US 20100211176 A1
An implantable orthopedic stability device is disclosed. The device can have a contracted and an expanded configuration. A method of using the device between adjacent vertebral body surfaces surfaces for support and/or fixation of either or both of the adjacent vertebrae is also disclosed.
1. A method of using an orthopedic support device comprising:
positioning the device at a target site, wherein the device has a longitudinal axis, and wherein the device comprises a first plate, a second plate opposite to the first plate, a first wedge between the first plate and the second plate at a first end of the device, and a second wedge between the first plate and the second plate at a second end of the device, wherein the first plate has a first extension extending in the direction of the second plate, and wherein the second plate has a first receiver configured to receive the first extension; and
expanding the device at the target site, wherein expanding the target site comprises longitudinally moving the first wedge and the second wedge toward the longitudinal middle of the device, and wherein the first extension slides in the first receiver during the expansion of the device.
2. The method of
3. The method of
4. An implantable orthopedic device having a longitudinal axis comprising:
a first plate;
a second plate opposite to the first plate;
a first wedge between the first plate and the second plate at a first longitudinal end of the device; and
a second wedge between the first plate and the second plate at a second longitudinal end of the device;
wherein the first plate has a first extension extending in the direction of the second plate, and wherein the second plate has a first receiver configured to slidably receive the first extension; and
wherein the first wedge is longitudinally translatable toward the second wedge, and wherein the first extension slides.
5. The device of
6. The device of
7. The device of
This application is a continuation-in-part of U.S. patent application Ser. No. 12/617,663, filed Nov. 12, 2009, which claims the benefit of U.S. Provisional Application No. 61/113,691, filed on Nov. 12, 2008.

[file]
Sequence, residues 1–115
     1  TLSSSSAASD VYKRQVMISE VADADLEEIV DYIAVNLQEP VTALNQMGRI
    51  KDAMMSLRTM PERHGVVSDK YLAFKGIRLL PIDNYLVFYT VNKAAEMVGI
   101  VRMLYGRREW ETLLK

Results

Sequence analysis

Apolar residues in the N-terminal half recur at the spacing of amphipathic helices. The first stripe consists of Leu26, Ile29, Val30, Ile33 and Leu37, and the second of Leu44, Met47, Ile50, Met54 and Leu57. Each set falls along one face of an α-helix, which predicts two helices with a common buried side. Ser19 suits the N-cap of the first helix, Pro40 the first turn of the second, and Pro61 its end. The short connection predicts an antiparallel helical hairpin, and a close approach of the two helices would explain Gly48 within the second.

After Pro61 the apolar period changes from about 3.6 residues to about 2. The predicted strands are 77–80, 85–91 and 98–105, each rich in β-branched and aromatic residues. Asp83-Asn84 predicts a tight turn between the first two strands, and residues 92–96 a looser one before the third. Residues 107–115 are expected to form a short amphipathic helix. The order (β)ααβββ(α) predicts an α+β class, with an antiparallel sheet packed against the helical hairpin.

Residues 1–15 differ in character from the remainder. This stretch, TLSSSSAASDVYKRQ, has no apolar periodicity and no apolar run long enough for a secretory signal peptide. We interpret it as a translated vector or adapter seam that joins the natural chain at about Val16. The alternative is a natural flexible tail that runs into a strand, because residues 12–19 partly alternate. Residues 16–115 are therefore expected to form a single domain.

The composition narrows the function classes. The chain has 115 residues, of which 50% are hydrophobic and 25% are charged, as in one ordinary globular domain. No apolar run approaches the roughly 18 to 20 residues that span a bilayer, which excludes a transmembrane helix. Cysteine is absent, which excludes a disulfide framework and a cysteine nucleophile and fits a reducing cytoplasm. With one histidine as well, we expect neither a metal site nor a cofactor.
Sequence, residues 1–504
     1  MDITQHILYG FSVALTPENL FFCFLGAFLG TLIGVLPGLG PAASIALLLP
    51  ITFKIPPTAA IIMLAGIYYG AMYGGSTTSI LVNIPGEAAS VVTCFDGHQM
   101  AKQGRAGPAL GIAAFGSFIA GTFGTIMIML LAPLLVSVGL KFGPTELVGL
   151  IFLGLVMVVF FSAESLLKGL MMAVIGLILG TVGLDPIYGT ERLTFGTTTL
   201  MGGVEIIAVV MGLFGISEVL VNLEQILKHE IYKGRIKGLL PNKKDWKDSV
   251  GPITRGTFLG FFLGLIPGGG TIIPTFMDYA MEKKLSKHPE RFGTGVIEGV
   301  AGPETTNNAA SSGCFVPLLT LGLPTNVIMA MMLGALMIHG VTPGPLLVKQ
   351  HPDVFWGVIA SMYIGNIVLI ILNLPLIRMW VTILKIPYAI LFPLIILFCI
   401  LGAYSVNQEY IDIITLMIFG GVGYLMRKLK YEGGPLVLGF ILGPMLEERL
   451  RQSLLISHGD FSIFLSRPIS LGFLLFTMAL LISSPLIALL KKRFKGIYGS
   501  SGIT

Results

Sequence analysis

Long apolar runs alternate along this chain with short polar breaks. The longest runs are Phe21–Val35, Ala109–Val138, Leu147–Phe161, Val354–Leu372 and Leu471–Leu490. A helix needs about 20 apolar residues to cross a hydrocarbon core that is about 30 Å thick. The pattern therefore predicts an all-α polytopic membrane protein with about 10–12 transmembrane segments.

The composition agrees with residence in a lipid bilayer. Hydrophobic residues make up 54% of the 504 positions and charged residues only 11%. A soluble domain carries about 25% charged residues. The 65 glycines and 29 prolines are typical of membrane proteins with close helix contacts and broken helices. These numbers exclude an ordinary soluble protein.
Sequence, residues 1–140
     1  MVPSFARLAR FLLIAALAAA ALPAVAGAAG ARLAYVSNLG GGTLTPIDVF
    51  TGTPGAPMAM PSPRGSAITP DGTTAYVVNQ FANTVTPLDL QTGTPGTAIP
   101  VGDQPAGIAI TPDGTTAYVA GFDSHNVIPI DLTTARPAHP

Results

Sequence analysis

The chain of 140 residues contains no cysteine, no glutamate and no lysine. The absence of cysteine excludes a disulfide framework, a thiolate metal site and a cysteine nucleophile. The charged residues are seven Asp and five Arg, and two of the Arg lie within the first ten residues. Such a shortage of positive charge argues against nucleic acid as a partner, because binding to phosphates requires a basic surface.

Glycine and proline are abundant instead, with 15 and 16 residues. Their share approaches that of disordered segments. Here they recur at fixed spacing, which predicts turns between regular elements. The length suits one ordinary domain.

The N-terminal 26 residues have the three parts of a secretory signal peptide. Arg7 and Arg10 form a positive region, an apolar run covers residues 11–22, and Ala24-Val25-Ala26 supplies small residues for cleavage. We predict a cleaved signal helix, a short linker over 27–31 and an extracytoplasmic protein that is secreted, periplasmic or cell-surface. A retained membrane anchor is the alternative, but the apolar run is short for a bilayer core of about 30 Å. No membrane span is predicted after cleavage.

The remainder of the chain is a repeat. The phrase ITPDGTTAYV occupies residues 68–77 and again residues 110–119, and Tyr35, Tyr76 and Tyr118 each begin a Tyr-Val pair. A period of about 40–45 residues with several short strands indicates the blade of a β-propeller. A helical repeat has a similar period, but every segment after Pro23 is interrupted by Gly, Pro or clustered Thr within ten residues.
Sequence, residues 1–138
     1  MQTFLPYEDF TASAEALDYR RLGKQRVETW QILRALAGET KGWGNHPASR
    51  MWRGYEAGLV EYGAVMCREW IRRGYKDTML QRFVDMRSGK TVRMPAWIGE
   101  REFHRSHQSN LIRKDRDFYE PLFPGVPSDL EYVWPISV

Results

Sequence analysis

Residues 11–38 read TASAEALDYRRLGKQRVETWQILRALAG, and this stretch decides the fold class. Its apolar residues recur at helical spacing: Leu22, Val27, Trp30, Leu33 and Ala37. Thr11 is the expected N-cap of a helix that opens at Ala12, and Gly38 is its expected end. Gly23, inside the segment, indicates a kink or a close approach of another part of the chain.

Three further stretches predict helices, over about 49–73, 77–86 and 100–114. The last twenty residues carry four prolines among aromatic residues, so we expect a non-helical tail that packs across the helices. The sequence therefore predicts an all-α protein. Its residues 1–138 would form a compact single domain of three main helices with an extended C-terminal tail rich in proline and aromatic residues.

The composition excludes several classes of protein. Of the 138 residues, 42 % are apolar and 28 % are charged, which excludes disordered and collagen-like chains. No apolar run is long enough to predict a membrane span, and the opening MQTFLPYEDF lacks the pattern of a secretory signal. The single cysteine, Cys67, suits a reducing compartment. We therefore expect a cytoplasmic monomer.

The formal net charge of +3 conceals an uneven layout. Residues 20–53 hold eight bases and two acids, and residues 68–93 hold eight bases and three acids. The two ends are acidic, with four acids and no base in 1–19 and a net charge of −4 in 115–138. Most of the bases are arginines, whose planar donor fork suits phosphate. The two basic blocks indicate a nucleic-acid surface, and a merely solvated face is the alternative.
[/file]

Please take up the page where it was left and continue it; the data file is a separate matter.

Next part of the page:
1. Technical Field
Devices and methods for fixation of tissue are disclosed. More specifically, the devices and methods can be for inter body vertebral fusion of vertebrae or fusion of other bones to one another.
2. Background of the Art
A vertebroplasty device and method that eliminates or reduces the risks and complexity of the existing art is desired. A vertebroplasty device and method that may reduce or eliminate the need to inject a liquid directly into the compression fracture zone is also desired.
Other ailments of the spine result in degeneration of the spinal disc in the intervertebral space between the vertebral bodies. These include degenerative disc disease and traumatic injuries. In either case, disc degeneration can cause pain and other complications. Conservative treatment can include non-operative treatment requiring patients to adjust their lifestyles and submit to pain relievers and a level of underlying pain. Operative treatment options include disc removal. This can relieve pain in the short term, but also often increases the risk of long-term problems and can result in motor and sensory deficiencies resulting from the surgery. Disc removal and more generally disc degeneration disease are likely to lead to a need for surgical treatment in subsequent years. The fusion or fixation will minimize or substantially eliminate relative motion between the fixed or fused vertebrae. In surgical treatments, adjacent vertebra can be fixated or fused to each other using devices or bone grafts. These may include, for example, screw and rod systems, interbody spacers (e.g., PEEK spacers or allograft bone grafts) threaded fusion cages and the like.
Some fixation or fusion devices are attached to the vertebra from the posterior side. The device will protrude and result in additional length (i.e., needed to overlap the vertebrae) and additional hardware to separately attach to each vertebrae. Fusion cages and allografts are contained within the intervertebral space, but must be inserted into the intervertebral space in the same dimensions as desired to occupy the intervertebral space. This requires that an opening sufficient to allow the cage or graft must be created through surrounding tissue to permit the cage or graft to be inserted into the intervertebral space.
A spinal fixation or fusion device that can be implanted with or without the need for additional hardware is desired. Also desired is a fixation or fusion device that can be deployed in a configuration where overlapping the fixated or fused vertebrae is not required.
Also desired is an intervertebral device the may be inserted in to the intervertebral space at a first smaller dimension and deployed to a second, larger dimension to occupy the intervertebral space. The ability to insert an intervertebral spacer at a dimension smaller than the deployed dimension would permit less disruption of soft and boney tissue in order to access the intervertebral space.
A device that can replace or supplement the screw or rod elements of a typical fusion system is disclosed. The device can be placed in the inter-vertebral space to fuse adjacent vertebrae and/or create a bone mass within the inter-vertebral space in a patient's spine.